Down the River Unto the Sea by Walter Mosley

down-the-river-unto-the-sea-by-walter-mosleyWhen I’m planning on reading a book, I tend to shy away reading other reviews prior to digging in. But one of the things I did notice about reviews of Walter Mosley’s Down the River Unto the Sea was the lack of discussion about racism. Oddly the book’s publisher leads with a quote from Booklist that mentions institutional racism. But the reviews shy away. White people, and I should know since I’m a 55-year-old white man, call racism “social issues” as it is a bit more palpable to discuss social issues rather than talk about how our place in society is propped up by racism. Let’s not deflect the blame from us white folk and call it institutional racism, it’s racism, American racism.

Mosley’s Down the River Unto the Sea is about Joe King Oliver, a disgraced New York City ex-cop and now a private investigator with an office in Brooklyn Heights. The book opens with Oliver looking out his office window onto Montague Street and he remembers when he was arrested for rape, thrown into Rikers and spent some three months in solitary. Oliver’s time at Rikers broke him as he admits later in the book, “… I remembered my cell in solitary and how my enemies had broken me, made me cower like a dog.”

While Oliver finishes up one case, another case arrives as he’s hired to prove the innocence of a cop killer, A Free Man aka Leonard Compton, a black militant journalist. Taking on the case of a convicted cop killer as a disgraced ex-cop will prove a delicate matter for Oliver. He also decides to finally look into why and who his frame.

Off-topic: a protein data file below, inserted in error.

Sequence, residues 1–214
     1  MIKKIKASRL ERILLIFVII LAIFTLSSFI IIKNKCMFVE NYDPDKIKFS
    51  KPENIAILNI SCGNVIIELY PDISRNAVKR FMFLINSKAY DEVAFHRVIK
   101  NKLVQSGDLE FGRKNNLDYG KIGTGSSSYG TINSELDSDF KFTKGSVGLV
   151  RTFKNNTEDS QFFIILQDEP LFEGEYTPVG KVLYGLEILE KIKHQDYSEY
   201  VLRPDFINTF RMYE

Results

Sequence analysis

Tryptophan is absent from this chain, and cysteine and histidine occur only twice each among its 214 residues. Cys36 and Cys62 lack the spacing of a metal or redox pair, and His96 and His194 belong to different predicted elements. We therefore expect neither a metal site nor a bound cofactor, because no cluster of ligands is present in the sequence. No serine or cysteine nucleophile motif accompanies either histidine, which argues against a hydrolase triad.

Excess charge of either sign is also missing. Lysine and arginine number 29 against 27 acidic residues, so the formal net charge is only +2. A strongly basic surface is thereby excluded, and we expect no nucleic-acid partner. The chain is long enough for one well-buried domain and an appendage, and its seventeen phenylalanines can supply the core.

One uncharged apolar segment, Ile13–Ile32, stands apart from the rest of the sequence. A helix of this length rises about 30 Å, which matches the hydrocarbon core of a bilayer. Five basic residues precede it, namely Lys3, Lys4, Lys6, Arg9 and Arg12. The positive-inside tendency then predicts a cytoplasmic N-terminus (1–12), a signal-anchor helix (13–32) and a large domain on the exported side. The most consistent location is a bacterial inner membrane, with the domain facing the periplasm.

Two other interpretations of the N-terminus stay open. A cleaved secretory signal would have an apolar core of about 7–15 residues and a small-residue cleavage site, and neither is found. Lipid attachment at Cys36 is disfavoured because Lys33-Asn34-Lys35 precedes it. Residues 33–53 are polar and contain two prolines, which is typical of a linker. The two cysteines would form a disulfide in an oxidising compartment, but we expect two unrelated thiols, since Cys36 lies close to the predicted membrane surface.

It took a bit for the book to get going, but once it did, Mosley hit all the marks of a fantastic hard-boiled private-eye novel. What makes this novel work is Mosley’s ability to create believable characters. Oliver might have his demons – any man broken in solitary would – but his love for his daughter, though not overly played, helps him keep his moral center. Contrary to many detective novels, Oliver is proficient in technology. Quite refreshing to see a private investigator in this day and age who is not a Luddite. Mosley’s descriptions of people of color: “caramel-buttercream”, “his face a deep brown”, “features that spoke of western Africa”, etc. are interesting and expressive. I’m trying to get to an understanding of the title, “Down the River Unto the Sea”. A Google search comes up with only an old treaty with Native Americans and nothing else. I believe it may be an allusion to the freedom Oliver seeks, though I’m unsure.

But the currents that flow through Down the River Unto the Sea is racism in America. Everyday Oliver deals white people’s off-handed racism, it’s like a low-level hum always running in the background. Sometimes it gets more pronounced like when Oliver visits his grandmother in a nursing home.

“May I help you?” a good-figured blonde asked. She was standing behind the reception counter of the upscale retirement residence. I was liking her style.

In her forties and proud, she wore a green-and-pink-speckled silk blouse to accent a tight black skirt.

Some women just don’t get old.

“Joe Oliver,” I said. “I’m here to see my grandmother.”